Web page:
score:689

Accepted answer

From React's documentation:

setState() does not immediately mutate this.state but creates a pending state transition. Accessing this.state after calling this method can potentially return the existing value. There is no guarantee of synchronous operation of calls to setState and calls may be batched for performance gains.

If you want a function to be executed after the state change occurs, pass it in as a callback.

this.setState({value: event.target.value}, function () {
    console.log(this.state.value);
});

score:0

Simply putting - this.setState({data: value}) is asynchronous in nature that means it moves out of the Call Stack and only comes back to the Call Stack unless it is resolved.

Please read about Event Loop to have a clear picture about Asynchronous nature in JS and why it takes time to update -

https://medium.com/front-end-weekly/javascript-event-loop-explained-4cd26af121d4

Hence -

    this.setState({data:value});
    console.log(this.state.data); // will give undefined or unupdated value

as it takes time to update. To achieve the above process -

    this.setState({data:value},function () {
     console.log(this.state.data);
    });

score:0

React bathces different set state calls so that it can determine what is the most optimal strategy for rerendering the website is going to be.

Imagine you have an application where you have a lot of different components. Perhaps, with one button click you are updating the state in multiple components, not just on the current one. In this case, React does not want to just completely isolate and do all those different updates independently.

React wants to figure out if it can stack all these updates together, maybe there is a more optimal way of updating these components so that it is more performant. This is what React is doing behind the scenes. As a result, set state call is asynchronous call.

score:1

Accessing this.state after calling the setState method is not guaranteed to return the updated status due to the asynchronous nature of setState.

To guarantee an update after calling setState, there are two solutions you may pursue.

Solution 1: As mentioned in one of the above answers, put your code in the componentDidUpdate method

Solution 2: As mentioned in another of the above answers, pass your stuff as a callback

 this.setState({value: myValue}, function () {
    this.functionThatIsExecutedWhenStateIsUpdated();
});

It's important to note that these two solutions are not clearly interchangeable. The one cannot easily solve all the use-cases of the other. As a general rule, if you can, best practice says that solution 1 is preferred. But, there are use-cases where only solution 2 "more effectively" works such as the "update-my-view-and-post-my-data" use case. This use case goes like this:

After adding an item, say, "Add Schedule", I want to both add that item to a front-end list and immediately post the just-updated-list to the backend, as demonstrated in the concept below: enter image description here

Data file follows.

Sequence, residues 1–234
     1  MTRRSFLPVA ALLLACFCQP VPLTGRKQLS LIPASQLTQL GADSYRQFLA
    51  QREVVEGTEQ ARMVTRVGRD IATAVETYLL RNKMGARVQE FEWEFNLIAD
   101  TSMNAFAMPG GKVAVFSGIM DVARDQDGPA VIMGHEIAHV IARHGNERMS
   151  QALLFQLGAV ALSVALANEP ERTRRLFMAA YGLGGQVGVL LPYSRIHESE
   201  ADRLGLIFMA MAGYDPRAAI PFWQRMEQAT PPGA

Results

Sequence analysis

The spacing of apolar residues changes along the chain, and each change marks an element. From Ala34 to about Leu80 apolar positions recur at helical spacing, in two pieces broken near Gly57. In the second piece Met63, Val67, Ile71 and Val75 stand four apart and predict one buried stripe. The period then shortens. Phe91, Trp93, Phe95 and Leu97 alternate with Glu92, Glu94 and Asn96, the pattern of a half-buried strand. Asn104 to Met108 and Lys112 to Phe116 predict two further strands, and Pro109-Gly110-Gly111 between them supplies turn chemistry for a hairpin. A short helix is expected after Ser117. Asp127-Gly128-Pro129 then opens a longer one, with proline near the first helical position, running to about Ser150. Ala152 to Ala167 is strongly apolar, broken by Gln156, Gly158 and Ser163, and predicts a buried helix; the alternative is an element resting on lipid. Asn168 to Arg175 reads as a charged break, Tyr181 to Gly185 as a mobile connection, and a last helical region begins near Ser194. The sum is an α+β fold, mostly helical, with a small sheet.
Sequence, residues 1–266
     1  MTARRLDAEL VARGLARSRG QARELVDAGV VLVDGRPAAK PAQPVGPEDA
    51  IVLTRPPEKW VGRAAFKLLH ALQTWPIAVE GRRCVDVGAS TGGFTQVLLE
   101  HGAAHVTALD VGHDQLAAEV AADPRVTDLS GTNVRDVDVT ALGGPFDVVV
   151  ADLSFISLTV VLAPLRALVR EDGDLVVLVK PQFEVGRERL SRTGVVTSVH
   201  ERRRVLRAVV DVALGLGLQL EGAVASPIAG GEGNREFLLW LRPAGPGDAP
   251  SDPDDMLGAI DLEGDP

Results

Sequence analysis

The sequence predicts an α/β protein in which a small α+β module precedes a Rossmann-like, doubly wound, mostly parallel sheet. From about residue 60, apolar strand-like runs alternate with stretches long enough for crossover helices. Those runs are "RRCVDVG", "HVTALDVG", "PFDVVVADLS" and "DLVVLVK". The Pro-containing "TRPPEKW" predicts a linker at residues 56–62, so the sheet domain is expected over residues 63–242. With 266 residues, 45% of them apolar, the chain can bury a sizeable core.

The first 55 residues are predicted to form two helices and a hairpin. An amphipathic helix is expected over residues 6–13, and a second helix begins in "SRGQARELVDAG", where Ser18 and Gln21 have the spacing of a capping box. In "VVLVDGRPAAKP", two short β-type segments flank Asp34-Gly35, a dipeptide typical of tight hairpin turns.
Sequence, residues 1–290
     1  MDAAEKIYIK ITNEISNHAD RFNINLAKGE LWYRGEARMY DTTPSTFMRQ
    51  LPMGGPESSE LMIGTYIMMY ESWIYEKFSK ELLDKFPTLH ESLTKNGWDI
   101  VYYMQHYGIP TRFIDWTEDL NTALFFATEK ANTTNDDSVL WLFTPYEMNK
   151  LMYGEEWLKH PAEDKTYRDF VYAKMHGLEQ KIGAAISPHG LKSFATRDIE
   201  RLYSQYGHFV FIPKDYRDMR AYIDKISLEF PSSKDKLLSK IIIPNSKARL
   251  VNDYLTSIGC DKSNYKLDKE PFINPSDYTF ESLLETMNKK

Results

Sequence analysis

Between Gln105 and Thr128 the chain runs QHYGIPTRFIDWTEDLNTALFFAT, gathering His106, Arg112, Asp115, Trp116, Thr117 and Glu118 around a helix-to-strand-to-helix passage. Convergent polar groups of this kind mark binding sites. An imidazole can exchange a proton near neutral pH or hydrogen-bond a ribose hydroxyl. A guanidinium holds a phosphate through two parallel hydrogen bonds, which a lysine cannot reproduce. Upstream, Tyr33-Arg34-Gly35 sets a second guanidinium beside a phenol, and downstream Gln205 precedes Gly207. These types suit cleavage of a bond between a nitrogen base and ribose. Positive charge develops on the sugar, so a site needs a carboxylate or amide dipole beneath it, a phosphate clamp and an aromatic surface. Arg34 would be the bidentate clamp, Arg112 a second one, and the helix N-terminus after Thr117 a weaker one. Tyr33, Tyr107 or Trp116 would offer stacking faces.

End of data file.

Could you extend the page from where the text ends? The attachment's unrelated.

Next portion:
If you dont do either solution, i.e. if you only say this in your code:

addToItemArray = () => { 
     this.setState{{ scheduledItemsArray: newObjectListWithMax}}   
     this.postData();
}

<button className="btn btn-secondary btn-block" onClick={this.addToItemArray}>Add Shedule</button>

... you will post the list excluding the "Delivery to Max" item, because the state wont be updated when you this.postData() (again, because its asynchronous).

If you utilise solution 1, you would make a POST after typing in every character in the Schedule Name textbox!

There are other ways aswell to cater for this use-case but solution 2 best conveys the intent when reading the code.

Given the ubiquitous nature of this use case in virtually every web app, the callback technique explained by Michael's answer is an indispensable piece of code in every developers toolkit.

score:2

async-await syntax works perfectly for something like the following...

changeStateFunction = () => {
  // Some Worker..

  this.setState((prevState) => ({
  year: funcHandleYear(),
  month: funcHandleMonth()
}));

goNextMonth = async () => {
  await this.changeStateFunction();
  const history = createBrowserHistory();
  history.push(`/calendar?year=${this.state.year}&month=${this.state.month}`);
}

goPrevMonth = async () => {
  await this.changeStateFunction();
  const history = createBrowserHistory();
  history.push(`/calendar?year=${this.state.year}&month=${this.state.month}`);
}

score:13

Watch out the react lifecycle methods!

I worked for several hours to find out that getDerivedStateFromProps will be called after every setState().

😂

score:24

You could try using ES7 async/await. For instance using your example:

handleChange: async function(event) {
    console.log(this.state.value);
    await this.setState({value: event.target.value});
    console.log(this.state.value);
}

score:54

As mentioned in the React documentation, there is no guarantee of setState being fired synchronously, so your console.log may return the state prior to it updating.

Michael Parker mentions passing a callback within the setState. Another way to handle the logic after state change is via the componentDidUpdate lifecycle method, which is the method recommended in React docs.

Generally we recommend using componentDidUpdate() for such logic instead.

This is particularly useful when there may be successive setStates fired, and you would like to fire the same function after every state change. Rather than adding a callback to each setState, you could place the function inside of the componentDidUpdate, with specific logic inside if necessary.

// example
componentDidUpdate(prevProps, prevState) {
  if (this.state.value > prevState.value) {
    this.foo();  
  }
}

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